Jeffrey Epstein must remain in jail until his trial on sex trafficking charges, judge rules
A federal judge on Thursday ordered Jeffrey Epstein, who is accused of sexually abusing dozens of underage girls, to remain in jail pending trial, rejecting the multimillionaire’s request to return to his Upper East Side mansion.
“The government’s application for continued remand is hereby granted,” US District Court Judge Richard Berman said. He described Epstein’s proposed bail package as “irretrievably inadequate.”
Prosecutors had deemed him an “extreme” flight risk.
An attorney for Epstein, Martin Weinberg, didn’t immediately respond to a request for comment regarding the judge’s order.
Epstein, 66, had asked the judge to allow him to live in his mansion, one of the largest residences in Manhattan, under the supervision of armed private security and a court-appointed, live-in trustee who would monitor his compliance with bail conditions.
Prosecutors in the Manhattan US Attorney’s office, however, have said there is “overwhelming” evidence that he is likely to flee the country. They say his wealth — including his ownership of a private jet and multiple homes, one abroad — the seriousness of the charges he faces, and his behavior in recent weeks should render him ineligible for bail.
They wanted him to remain in jail, a result that pretrial services also recommended for Epstein.
Sigrid McCawley, an attorney who represents several alleged victims of Epstein, said after court that “the freedom of these victims” could only be restored by “taking away the freedom of Jeffrey Epstein.”
“They have been living in fear and intimidation since the day they were abused by him,” McCawley added.
He is currently being held at the Metropolitan Correctional Center, a federal detention facility where he is being kept in isolation, according to one of his lawyers.
Epstein is charged with one count of sex trafficking of minors and one count of conspiracy to engage in sex trafficking of minors related to alleged conduct that occurred between 2002 and 2005. He has pleaded not guilty.
He is accused of having paid girls as young as 14 to have sex with him at his Upper East Side home and his estate in Palm Beach, Florida, between 2002 and 2005. Prosecutors say he used employees and associates to lure the girls to his residences, and then paid some of his victims to recruit other girls for him to abuse.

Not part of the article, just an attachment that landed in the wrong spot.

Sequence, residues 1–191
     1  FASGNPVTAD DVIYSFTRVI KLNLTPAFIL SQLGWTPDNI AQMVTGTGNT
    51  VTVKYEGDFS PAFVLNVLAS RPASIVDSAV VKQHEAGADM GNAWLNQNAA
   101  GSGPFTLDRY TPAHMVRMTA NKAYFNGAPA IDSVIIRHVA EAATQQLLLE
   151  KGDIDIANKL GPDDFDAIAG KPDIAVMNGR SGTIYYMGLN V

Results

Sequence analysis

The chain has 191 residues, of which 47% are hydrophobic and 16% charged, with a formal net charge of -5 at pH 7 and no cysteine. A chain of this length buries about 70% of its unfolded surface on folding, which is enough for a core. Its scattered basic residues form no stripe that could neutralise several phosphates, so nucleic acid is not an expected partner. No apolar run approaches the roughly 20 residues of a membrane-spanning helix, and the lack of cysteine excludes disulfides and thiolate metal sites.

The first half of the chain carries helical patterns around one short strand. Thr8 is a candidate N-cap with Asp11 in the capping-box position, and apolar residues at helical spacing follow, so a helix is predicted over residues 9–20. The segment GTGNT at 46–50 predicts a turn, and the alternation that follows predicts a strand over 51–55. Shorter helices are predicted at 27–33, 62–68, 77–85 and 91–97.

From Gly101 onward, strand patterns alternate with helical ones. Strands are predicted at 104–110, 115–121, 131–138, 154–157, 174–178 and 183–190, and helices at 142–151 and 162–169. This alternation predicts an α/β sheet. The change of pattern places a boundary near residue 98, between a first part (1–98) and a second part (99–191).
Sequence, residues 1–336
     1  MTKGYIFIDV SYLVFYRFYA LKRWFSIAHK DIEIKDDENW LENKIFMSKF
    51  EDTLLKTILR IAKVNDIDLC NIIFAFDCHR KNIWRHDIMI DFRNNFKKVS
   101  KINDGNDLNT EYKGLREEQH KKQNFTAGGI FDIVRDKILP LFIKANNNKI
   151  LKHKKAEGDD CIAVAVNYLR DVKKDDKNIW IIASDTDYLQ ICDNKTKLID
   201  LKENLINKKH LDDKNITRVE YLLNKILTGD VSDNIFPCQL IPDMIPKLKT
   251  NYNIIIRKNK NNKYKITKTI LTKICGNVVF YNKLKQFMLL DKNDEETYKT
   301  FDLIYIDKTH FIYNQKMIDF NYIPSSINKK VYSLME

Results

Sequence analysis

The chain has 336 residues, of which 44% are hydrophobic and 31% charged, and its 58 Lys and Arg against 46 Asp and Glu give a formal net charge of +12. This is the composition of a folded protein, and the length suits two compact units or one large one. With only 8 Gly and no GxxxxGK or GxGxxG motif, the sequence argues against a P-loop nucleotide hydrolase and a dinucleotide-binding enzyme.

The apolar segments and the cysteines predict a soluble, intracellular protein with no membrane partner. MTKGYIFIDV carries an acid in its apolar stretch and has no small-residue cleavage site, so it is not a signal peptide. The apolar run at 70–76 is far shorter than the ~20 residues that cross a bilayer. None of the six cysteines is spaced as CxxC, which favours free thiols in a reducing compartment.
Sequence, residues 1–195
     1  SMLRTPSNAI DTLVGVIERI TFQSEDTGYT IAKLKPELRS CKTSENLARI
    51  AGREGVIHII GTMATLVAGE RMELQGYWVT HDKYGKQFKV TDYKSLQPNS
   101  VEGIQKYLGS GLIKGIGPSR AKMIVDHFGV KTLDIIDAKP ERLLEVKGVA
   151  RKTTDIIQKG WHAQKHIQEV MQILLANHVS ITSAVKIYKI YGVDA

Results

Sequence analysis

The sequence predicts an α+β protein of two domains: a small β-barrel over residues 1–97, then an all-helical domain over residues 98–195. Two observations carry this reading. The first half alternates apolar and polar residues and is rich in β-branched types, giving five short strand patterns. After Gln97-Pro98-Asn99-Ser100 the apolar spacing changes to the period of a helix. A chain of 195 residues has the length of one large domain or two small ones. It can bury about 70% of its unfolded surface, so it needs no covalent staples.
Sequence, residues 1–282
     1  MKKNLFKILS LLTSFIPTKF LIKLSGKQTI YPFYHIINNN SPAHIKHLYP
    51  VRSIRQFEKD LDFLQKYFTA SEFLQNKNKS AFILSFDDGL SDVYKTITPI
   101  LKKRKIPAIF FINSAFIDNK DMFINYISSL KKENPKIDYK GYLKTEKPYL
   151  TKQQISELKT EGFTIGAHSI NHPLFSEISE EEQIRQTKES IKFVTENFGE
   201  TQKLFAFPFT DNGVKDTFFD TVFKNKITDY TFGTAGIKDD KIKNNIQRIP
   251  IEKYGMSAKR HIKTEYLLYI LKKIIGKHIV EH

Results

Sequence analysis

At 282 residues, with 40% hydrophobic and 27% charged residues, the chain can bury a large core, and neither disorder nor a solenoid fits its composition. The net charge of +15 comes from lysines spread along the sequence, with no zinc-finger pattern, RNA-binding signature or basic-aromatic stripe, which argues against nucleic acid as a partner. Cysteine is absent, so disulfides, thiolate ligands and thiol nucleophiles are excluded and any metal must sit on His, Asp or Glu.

Though the charges concern conduct only through 2005, prosecutors say Epstein’s more recent behavior demonstrates that he “is not reformed, he is not chastened, he is not repentant.”
Lewd photos, diamonds and a foreign passport
During a search of Epstein’s Manhattan home in the hours following his arrest on July 6, agents found “a vast trove of lewd photographs of young-looking women or girls,” according to prosecutors, making him “a continuing danger to the community.” Epstein attorney Reid Weingarten told the court the photographs are “ancient” and likely are “erotic pictures of adults.”
Prosecutors also say that beginning in November of last year, two days after a Miami Herald series thrust back into public consciousness a lenient plea deal he received more than a decade earlier for similar behavior, Epstein made $350,000 in payments to two women who are possible co-conspirators and could be considered witnesses in a case against him. In court Monday, one of Epstein’s attorneys suggested the payments could have been “an act of generosity.”
And prosecutors say that agents recovered from a locked safe in Epstein’s home more than $70,000 in cash; 48 loose diamonds, including some as large as 2.38 carats; a large diamond ring; and a foreign passport, expired, with his photograph and a different name. All of those developments, prosecutors have argued over the course of two bail hearings and multiple court filings, make Epstein unfit for release.
In addition, the sex trafficking charge against Epstein carries the presumption that no combination of bail conditions could guarantee the defendant’s appearance in court or protect the public.
Epstein’s attorneys, however, have argued that detaining their client would impede his ability to mount a robust defense by restricting his access to his legal team.
They told the court the foreign passport recovered from Epstein’s home was issued by Austria and that Epstein, “an affluent member of the Jewish faith,” had acquired it in the 1980s, “when hijackings were prevalent, in connection to Middle East travel.”
“The passport was for personal protection in the event of travel to dangerous areas, only to be presented to potential (kidnappers), hijackers or terrorists should violent episodes occur,” Epstein’s attorneys wrote. They didn’t offer an explanation as to why the document displayed a name other than their client’s.
They have also touted his “spotless 14-year record” with “meticulous obedience” to the law since he pleaded guilty to state prostitution charges in 2008 and registered as a sex offender. On Tuesday, however, an attorney who has represented several women who say they were sexually abused by Epstein said he had “improper sexual contact” while serving his jail sentence, and has had inappropriate contact with some women as recently as 2011.
And finally, Epstein’s attorneys have argued that because he traveled abroad and voluntarily returned to the country during a period in recent months when he was under public scrutiny — he was arrested on his private jet after arriving in Teterboro, New Jersey, from Paris, France — he shouldn’t be presumed to be a flight risk.
“That inescapable reality emphatically proves he won’t flee,” they wrote, “and entitles him to release — on any and all conditions the Court deems appropriate.”